Now, those demos have become precious audio artifacts, given considerable gravitas as some of the last recordings of Turner. Auerbach said Turner’s son called him requesting the tracks, and though a few of the songs will also appear on the band’s new album, Auerbach said he would love to hear properly mixed versions.
“It’s so spooky to hear Ike Turner sing Dan’s words,’’ Carney said while Turner’s basso profundo slowly moaned “I wanna die without pain’’ over the duo’s fuzzed-out blues riff wafting out of the control room speakers.
But what about the Black Keys’ new album due early next year? What about all the buzz about the band letting go of the production reins and working with celebrated knob twiddler and Keys fan Danger Mouse? What can be said of the album?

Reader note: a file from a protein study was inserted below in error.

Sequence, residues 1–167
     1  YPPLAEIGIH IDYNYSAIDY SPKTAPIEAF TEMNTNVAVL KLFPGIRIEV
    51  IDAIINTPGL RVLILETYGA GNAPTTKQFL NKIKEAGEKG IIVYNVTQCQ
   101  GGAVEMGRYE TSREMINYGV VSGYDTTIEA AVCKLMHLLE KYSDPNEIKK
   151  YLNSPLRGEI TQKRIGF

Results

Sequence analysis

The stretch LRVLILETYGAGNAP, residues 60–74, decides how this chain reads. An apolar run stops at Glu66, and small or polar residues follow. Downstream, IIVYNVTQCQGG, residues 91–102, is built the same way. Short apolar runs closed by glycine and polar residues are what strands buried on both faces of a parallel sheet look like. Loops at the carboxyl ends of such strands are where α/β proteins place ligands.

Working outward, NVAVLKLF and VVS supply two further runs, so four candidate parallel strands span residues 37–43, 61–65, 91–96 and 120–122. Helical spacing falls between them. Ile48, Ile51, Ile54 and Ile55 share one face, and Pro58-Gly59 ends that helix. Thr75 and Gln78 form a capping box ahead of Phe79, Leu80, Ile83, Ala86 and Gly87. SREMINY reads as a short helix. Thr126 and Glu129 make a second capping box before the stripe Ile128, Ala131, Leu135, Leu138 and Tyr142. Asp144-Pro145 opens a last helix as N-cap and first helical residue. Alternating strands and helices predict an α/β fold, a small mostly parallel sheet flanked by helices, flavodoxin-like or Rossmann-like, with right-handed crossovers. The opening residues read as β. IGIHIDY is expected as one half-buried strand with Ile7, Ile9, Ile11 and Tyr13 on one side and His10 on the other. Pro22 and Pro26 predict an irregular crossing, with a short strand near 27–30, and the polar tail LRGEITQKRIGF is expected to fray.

Nothing. At least not in these pages, because along with the duo’s growing families is their desire to exert control over their growing business. Auerbach partially credits baby Sadie for making him “less tolerant for being jacked around by other people,’’ he said.
The two, who are more popular in Europe than in the United States and are rock stars in Australia, also now have professional tour representation on each continent (except in Australia, where they just have a “guy who knows a lot of other guys’’), a business manager/accountant and a tenacious lawyer (“She’s got a new little girl, too, so she takes no crap either,’’ Auerbach said.). They’ve also learned the lesson absorbed by many other successful bands that have survived too many overlong and hectic tour schedules: They’ve learned to say no.
“Now we can say no. It’s awesome to have some time off to record,’’ Auerbach said.